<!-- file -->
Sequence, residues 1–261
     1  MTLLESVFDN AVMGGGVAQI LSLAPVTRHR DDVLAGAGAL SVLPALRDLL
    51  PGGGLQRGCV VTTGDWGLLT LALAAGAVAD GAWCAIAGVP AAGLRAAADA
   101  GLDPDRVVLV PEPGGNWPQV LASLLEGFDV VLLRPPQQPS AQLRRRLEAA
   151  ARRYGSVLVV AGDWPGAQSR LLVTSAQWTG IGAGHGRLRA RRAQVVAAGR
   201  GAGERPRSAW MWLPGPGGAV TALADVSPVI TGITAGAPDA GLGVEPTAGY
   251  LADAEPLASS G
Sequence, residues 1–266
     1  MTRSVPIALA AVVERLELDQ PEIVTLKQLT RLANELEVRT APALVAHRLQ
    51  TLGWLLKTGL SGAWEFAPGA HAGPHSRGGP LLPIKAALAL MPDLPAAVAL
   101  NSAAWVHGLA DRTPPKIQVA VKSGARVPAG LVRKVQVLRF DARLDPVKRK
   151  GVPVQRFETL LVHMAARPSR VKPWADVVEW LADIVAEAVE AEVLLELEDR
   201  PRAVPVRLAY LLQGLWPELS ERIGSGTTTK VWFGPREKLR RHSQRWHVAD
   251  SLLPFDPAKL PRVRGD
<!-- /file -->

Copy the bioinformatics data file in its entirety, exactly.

Sequence, residues 1–261
     1  MTLLESVFDN AVMGGGVAQI LSLAPVTRHR DDVLAGAGAL SVLPALRDLL
    51  PGGGLQRGCV VTTGDWGLLT LALAAGAVAD GAWCAIAGVP AAGLRAAADA
   101  GLDPDRVVLV PEPGGNWPQV LASLLEGFDV VLLRPPQQPS AQLRRRLEAA
   151  ARRYGSVLVV AGDWPGAQSR LLVTSAQWTG IGAGHGRLRA RRAQVVAAGR
   201  GAGERPRSAW MWLPGPGGAV TALADVSPVI TGITAGAPDA GLGVEPTAGY
   251  LADAEPLASS G
Sequence, residues 1–266
     1  MTRSVPIALA AVVERLELDQ PEIVTLKQLT RLANELEVRT APALVAHRLQ
    51  TLGWLLKTGL SGAWEFAPGA HAGPHSRGGP LLPIKAALAL MPDLPAAVAL
   101  NSAAWVHGLA DRTPPKIQVA VKSGARVPAG LVRKVQVLRF DARLDPVKRK
   151  GVPVQRFETL LVHMAARPSR VKPWADVVEW LADIVAEAVE AEVLLELEDR
   201  PRAVPVRLAY LLQGLWPELS ERIGSGTTTK VWFGPREKLR RHSQRWHVAD
   251  SLLPFDPAKL PRVRGD